Systems not fully satisfactory when traded alone could become interesting when traded in parallel with other systems as the equity lines would be smoother and risk would be reduced although at the expense of the overall profitability.
I worked the East Coast blackjack circuit back in the 90s from Atlantic City through the Bahamas and Mississippi, not on the level of the MIT team profiled in the new film "21" but I had full comps — RFB, show tickets and air. Mostly on the weekends. I did it for the comps and the travel. I read the books, Ed Thorp's Beat the Dealer, and Stanford Wong's Professional Blackjack. My bible became Million Dollar Blackjack by Ken Uston, perhaps the greatest blackjack player ever. Back then the game was beatable and you could still get single and double deck games in Mississippi. Played at the highest level and flawlessly and if the rules were fair — dealer stands on any 17 and player can double down on any two cards — the player had a 1.5% advantage over the house. Believe me, played alone it is a lonely grind. Uston perfected the counting strategy to three levels and organized teams working through the 70s and early 80s. Ultimately, he was barred virtually everywhere, and the teams were very hard to keep together. It has been nearly 10 years since I seriously played blackjack. I am not sure the game can be beaten today.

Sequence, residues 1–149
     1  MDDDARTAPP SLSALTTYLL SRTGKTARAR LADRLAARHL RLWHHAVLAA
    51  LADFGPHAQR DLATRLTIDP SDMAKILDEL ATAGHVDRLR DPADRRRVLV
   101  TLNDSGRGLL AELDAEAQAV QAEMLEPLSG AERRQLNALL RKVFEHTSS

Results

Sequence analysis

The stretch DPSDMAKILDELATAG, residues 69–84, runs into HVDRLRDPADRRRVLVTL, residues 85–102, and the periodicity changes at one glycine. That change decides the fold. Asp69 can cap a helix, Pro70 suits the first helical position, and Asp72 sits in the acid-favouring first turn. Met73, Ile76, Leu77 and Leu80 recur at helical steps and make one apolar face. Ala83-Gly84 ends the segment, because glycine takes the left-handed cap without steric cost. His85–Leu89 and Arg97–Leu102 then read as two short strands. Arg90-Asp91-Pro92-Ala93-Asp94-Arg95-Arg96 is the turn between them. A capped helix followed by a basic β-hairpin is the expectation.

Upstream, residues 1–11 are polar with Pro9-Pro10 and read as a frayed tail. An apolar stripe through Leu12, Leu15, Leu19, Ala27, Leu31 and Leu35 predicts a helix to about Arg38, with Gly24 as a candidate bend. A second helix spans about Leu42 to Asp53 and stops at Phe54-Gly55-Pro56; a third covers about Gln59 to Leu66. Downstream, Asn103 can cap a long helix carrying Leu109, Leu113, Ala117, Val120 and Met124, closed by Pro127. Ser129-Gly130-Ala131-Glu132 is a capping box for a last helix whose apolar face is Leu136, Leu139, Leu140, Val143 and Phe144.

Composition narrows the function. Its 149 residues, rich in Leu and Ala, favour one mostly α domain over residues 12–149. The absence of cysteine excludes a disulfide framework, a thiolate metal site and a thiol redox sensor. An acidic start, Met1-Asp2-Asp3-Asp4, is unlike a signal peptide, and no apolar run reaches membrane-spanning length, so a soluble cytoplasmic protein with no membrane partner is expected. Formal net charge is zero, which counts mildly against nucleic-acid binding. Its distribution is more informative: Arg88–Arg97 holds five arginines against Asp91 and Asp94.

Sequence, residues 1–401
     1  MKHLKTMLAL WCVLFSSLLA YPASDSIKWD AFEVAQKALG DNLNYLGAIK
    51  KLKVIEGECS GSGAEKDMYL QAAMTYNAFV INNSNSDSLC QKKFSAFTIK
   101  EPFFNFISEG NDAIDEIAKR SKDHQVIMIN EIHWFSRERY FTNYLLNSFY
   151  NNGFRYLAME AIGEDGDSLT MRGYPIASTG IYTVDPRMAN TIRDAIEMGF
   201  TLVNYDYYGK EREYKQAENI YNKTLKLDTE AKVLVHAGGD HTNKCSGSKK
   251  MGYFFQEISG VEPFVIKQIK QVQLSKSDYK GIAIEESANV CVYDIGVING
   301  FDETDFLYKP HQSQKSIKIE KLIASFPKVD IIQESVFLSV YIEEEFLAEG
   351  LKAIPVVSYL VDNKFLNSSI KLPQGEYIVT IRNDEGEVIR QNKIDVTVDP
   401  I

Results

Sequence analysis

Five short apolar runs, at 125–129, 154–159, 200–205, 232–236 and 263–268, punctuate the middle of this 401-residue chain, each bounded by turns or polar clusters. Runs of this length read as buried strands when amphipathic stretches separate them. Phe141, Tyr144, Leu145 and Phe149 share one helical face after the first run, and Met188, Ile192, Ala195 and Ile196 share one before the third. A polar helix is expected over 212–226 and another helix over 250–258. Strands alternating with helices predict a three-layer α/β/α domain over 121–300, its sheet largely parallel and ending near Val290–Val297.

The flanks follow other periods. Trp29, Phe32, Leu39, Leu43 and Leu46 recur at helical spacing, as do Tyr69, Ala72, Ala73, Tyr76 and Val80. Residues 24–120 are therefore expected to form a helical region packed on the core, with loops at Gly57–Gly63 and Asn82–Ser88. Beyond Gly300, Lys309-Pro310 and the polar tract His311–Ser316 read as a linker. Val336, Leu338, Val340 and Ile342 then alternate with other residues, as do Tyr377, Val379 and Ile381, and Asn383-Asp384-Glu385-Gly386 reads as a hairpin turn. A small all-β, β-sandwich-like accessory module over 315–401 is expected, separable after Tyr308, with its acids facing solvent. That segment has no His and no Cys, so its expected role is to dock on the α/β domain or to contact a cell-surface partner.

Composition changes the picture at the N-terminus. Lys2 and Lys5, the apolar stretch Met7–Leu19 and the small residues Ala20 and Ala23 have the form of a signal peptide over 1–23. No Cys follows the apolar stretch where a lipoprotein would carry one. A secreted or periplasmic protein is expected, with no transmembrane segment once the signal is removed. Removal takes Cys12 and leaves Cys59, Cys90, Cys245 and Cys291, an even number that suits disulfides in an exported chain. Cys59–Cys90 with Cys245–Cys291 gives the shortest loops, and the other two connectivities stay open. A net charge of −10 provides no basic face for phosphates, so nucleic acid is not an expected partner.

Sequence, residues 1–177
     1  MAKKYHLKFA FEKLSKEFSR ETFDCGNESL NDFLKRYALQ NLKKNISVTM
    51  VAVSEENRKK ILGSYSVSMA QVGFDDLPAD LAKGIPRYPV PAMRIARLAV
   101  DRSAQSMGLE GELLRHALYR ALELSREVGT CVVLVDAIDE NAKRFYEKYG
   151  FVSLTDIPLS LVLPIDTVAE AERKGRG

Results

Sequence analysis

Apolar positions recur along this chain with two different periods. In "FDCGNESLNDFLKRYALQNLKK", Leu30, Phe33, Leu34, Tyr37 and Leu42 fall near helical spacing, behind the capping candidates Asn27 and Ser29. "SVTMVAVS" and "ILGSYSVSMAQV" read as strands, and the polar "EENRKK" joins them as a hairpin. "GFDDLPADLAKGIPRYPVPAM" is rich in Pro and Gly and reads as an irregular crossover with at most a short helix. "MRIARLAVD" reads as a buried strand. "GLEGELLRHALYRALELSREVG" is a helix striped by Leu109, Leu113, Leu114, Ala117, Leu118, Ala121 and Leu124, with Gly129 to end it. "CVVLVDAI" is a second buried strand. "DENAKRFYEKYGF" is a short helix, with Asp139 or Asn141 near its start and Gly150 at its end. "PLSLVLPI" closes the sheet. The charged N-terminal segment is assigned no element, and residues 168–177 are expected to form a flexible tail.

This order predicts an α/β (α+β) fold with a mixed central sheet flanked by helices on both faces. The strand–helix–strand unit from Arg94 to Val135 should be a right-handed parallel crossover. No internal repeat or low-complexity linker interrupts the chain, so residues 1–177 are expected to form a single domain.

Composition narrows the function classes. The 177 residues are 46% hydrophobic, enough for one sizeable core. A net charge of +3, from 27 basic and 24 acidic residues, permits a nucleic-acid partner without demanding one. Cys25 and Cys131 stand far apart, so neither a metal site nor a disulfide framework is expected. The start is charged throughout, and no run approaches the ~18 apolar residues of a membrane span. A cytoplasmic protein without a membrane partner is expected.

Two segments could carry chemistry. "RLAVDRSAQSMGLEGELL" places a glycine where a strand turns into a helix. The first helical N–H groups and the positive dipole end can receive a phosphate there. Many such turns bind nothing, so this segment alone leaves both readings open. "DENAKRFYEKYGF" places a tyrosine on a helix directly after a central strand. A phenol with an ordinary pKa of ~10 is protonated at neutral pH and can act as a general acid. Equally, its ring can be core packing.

It's Spring and Easter and the free range chickens are all laying eggs in our yard. They lay their eggs right in the garden next to the garden gate. Each day I take the eggs, but leave one or two. You see, the chickens can't count. They don't realize their eggs are gone, but they have this uneasy feeling that something may not be quite right. So they lay more eggs. Each day we get fresh eggs to eat.
This shows the importance of counting. Even simple counts give one an advantage in the markets and avoids having to lay eggs every day to feed the counters. It avoids that odd feeling of unease that something is not right in the markets.
Chickens also lack courage and judgment. These are valuable attributes for a trader. From whence do these attributes arise? From heredity? From knowledge? From experience? From preparation? Simple counting is a good start. But it alone is not enough. One has to look around at the weather, at people, at the earth and look inwards as well.